Monday, June 15, 2009

The Samurai Eats Grass

I lived in Tokyo about five years ago, and enjoyed my time there immensely. With no one to talk to outside of work, other than a housemate I saw every couple of weeks, I spent my days and nights mostly in silence. At first I thought this would be difficult, used as I was to talking up a storm wherever I went, but in the end I found this silence to be oddly liberating. Like my grandmother always said to me, it is better to keep your eyes open, your ears open, and your mouth shut. You learn more that way, and in Japan I did just that.

From a North American perspective, Tokyo felt like a city with multiple personality disorder. At once polite and proper, the place also abounded with a seedy underside that outstripped even the sleaziest joints on Yonge St. in downtown Toronto. Though the people were law abiding and circumspect to a fault, it was also an accepted part of the culture that working men, salarimen, would get absolutely gobsmacked drunk, and weave their way home, urinating in the streets when the need arose. In some respects it is similar to what you would see outside of the Air Canada Centre after a leafs game, but in Tokyo this sort of behaviour carried on every single night. Not just after the game on Saturday.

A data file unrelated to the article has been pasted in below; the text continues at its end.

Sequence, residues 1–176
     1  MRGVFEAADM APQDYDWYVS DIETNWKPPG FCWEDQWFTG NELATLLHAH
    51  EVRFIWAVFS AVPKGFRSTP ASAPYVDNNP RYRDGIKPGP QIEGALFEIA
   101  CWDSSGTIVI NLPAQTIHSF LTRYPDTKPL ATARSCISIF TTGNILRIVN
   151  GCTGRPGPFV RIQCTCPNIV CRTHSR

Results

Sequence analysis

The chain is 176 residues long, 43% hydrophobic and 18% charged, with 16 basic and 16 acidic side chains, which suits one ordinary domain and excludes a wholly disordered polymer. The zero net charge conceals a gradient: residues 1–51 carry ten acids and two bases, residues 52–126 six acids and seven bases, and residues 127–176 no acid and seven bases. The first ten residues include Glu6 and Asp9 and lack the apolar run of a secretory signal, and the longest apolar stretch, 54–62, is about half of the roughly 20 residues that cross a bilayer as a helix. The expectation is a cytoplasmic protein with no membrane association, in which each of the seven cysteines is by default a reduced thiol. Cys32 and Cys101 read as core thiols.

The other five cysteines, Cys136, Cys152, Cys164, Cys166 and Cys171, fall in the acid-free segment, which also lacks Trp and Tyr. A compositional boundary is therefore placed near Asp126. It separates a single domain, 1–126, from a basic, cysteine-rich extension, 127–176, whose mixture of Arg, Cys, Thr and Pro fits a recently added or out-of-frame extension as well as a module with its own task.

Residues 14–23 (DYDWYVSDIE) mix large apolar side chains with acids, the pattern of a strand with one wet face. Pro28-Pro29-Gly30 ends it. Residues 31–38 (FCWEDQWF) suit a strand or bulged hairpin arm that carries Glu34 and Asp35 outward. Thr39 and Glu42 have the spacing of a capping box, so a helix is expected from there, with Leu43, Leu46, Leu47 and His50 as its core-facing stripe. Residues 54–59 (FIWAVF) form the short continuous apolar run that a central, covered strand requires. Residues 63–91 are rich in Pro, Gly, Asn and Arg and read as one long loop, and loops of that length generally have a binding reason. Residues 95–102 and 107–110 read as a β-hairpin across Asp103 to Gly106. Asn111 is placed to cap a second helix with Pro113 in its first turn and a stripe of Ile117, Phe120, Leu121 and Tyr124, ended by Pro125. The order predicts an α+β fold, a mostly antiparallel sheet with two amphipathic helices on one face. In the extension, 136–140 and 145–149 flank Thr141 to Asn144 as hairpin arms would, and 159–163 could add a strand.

These extremes were something I grew used to, and often became a source of humor. The government censored adult movies by blurring out the naughty bits, yet you could sit on the train and the dude next to you would be openly reading pornographic manga, without an iota of shame or discomfort. Or, for the equivalent of $50, you could walk into a replica train car, complete with a "schoolgirl" or "office lady" the randy salariman could then "molest" for a set period of time. The level and avidity of the fetishisation of innocence and purity was breathtaking. But it appears that things are changing, that the pendulum is swinging, and a real reaction to the licentious, besotted workaholism that afflicted so many men in the country is transforming into something entirely different - asexual, vegetarian, anti-consumerist asceticism. The media calls them "herbivores."

For a country with a rapidly declining population, with the lowest birth rates in the modern world, and an almost maniacal aversion to increased immigration, this is not, demographically speaking, a positive development. Between 40 to 60% of men in their 20's to 30's, that is, the new working generation, consider themselves to be "grass eating men." For these men, marriage is a laughable, old fashioned tradition that holds no interest for them, and women enter into their frame of minds as conversation partners, but nothing that would distract them from the more enticing worlds online and in video games.

One passage in particular seems to tell the whole story -

"Unlike earlier generations of Japanese men, they prefer not to make the first move, they like to split the bill, and they're not particularly motivated by sex. "I spent the night at one guy's house, and nothing happened—we just went to sleep!" moaned one incredulous woman on a TV program devoted to herbivores."

Someone ought to get Jared Diamond in on this, because we may be witnessing the first real case of a modern society choosing to commit suicide.

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